The killing of General Qassem Soleimani by a U.S. drone just after he arrived at the Baghdad International Airport in Iraq on January 2, 2020, raised the stakes in the Middle East. The Iranians responded with rhetoric and a relatively ineffective missile attack against two military installations that housed U.S. and coalition forces. While it appears tensions have subsided and a ‘war’ has not ensued the conflict is not over yet. It will continue to be fought over the next months and years in the shadows, using proxy forces and engaging in ‘political warfare’.
Who Is Qasem Soleimani?
General Soleimani was the commander of the Islamic Revolutionary Guard Corps – Quds Force (IRGC-QF). He was one of the most powerful and important figures in Iran and one of the leading generals of the Iranian military. Soleimani was considered the driving force behind Iran’s ‘external military operations’.
Increasing Tensions over Past Year
U.S. and Iranian relations have been mostly confrontational since 1979 when the Shah of Iran was removed from power and the U.S. embassy in Tehran was occupied and its embassy officials and workers held hostage for more than a year. Since 1979 the U.S. has regarded Iran as a threat to U.S. interests in the Middle East.
Iran Has Escalated Activities in Region. Relations have gotten more heated between the U.S. and Iran in the past few years. Iran’s escalating attacks against U.S. installations in Iraq since May 2019 are part of a campaign to secure sanctions relief and push the U.S. out of Iraq. Iran has been implicated in the attack on commercial shipping, oil facilities, and other terrorist activities. It recently downed a very expensive U.S. drone. It has backed the Houthis in Yemen and is allied with the Assad regime in Syria. It’s proxy forces in Lebanon, Iraq, and elsewhere are engaged in activities adverse to U.S. interests in the region.
The U.S. is engaged in a campaign of applying ‘maximum pressure’ on Iran. The intent of the U.S. is to block Iran’s path to the development of a nuclear weapon and limit the ability of Iran to export terrorism.
The United States has been increasing pressure on Iran over the past few years. In April 2019 it declared the Islamic Revolutionary Guard Corps (IRGC) as a Foreign Terrorist Organization. It has incrementally increased sanctions against Iran. In addition, additional military forces (air, ground, and naval) have been sent to the Middle East region. Currently (Jan 2020) there are about 60,000 to 80,000 U.S. troops in the Central Command area of responsibility (including 5,200 in Iraq and 13,000 in Afghanistan).  These numbers include deployments during 2019 and early 2020.
Iran Attack on U.S. Bases In Dec 2019
Rockets launched by an Iranian-affiliated militia group attacked a U.S. base near Kirkuk in Northern Iraq on February 27, 2019 killing an American contractor. The contractor was a naturalized U.S. citizen who was born in Iraq. He was working as an interpreter for U.S. forces. The rocket attacked also wounded four American service members. The U.S. retaliated two days later with air strikes against five facilities located in Syria and Iraq killing members of the Iranian-backed Kata’ib Hezbollah (KH) militia group responsible for the attack.
Storming the Embassy
Iraqi ‘protesters’ (with very strong ties to Iran) swarmed the U.S. Embassy in Baghdad breaching the outer perimeter. The U.S. immediately responded sending 100 Marines to secure the Embassy. In addition, U.S. Rangers were flown to the region followed shortly after with the deployment of a significant number of troops from the 82nd Airborne Division.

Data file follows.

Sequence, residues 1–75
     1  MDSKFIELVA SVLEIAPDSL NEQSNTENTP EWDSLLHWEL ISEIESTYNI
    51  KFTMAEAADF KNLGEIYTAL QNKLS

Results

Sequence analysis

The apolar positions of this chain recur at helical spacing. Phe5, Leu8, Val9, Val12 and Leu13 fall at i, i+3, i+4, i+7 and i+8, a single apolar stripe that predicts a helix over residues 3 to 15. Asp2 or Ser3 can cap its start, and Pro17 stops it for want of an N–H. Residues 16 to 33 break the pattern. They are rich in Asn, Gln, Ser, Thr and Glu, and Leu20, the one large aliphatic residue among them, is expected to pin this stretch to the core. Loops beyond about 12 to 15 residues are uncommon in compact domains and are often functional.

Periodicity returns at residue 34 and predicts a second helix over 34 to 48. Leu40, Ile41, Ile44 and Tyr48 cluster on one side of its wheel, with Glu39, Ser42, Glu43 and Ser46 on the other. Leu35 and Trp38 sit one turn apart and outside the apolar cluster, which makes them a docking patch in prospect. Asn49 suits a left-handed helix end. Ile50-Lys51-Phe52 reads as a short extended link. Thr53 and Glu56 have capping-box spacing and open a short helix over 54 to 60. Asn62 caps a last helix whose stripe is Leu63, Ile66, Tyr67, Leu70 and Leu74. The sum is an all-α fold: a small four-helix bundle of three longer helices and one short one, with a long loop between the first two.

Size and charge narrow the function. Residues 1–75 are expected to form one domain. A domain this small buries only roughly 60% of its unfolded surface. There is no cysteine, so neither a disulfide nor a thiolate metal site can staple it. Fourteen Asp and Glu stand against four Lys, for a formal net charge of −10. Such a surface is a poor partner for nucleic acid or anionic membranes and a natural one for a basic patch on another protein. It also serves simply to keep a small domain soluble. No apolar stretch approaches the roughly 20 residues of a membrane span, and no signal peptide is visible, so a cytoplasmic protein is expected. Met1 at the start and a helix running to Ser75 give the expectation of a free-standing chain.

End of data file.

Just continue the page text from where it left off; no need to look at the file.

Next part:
Killing of Gen Qassem Soleimani
The U.S., going off intelligence indicators that Iranian proxy groups were going to continue attacks against U.S. personnel and facilities, took out a leading Iranian general – Qassem Soleimani – just after he arrived at the Baghdad airport on January 2, 2020. Also killed in the attack was KH founder and Iraqi Popular Mobilization Forces leader Abu Mahdi Al Muhandis as well as other Iranian and Iraqi individuals.
Additional Targets in Region
The same day a U.S. drone attempted but failed to kill another top Iranian commander of the Islamic Revolutionary Guard’s elite Quds force in Yemen. the attack was directed at Abdul Reza Shahla’i – a commander and financier. He was reported by the State Department to be at the center of a botched 2011 plot to assassinate a Saudi ambassador on U.S. soil. (Fox News, Jan 10, 2020). He also is implicated in many other actions throughout the region. One of these was a January 20, 2007 attack in Karbala, Iraq that killed five American soldiers and wounded three others.
Missles: Iran’s Response
Iran responded to the killing of Qassem Soleimani with the launch of 16 missiles – eleven of which hit on or near the Al Asad airbase in Iraq. The attack caused no casualties (Gen Milley says defensive measures were key) and caused minimal material damage. The losses in the attacks on Al Asad included a Black Hawk, aerial drone, damaged runways, maintenance shelters, and some pickup trucks.
Token Response. Some observers believe it was a ‘token’ strike that would allow Iran to say it responded but which was intentionally conducted so as to not cause any deaths. Others believe that the strike was largely ineffective due to the inability of Iran to accurately put missiles on target. The end result, however, is that the tensions were ‘reduced’ for the time being and open conflict averted.
Additional Sanctions Against Iran
After the launch of the 16 missiles by Iran the White House intensified sanctions on Iran. The U.S. has a long history of using sanctions against Iran.  There are a number of ways to impose these ‘additional sanctions’ on Iran that affect its economy as well as its ability to export violence in the region. 
Iraq Caught in the Middle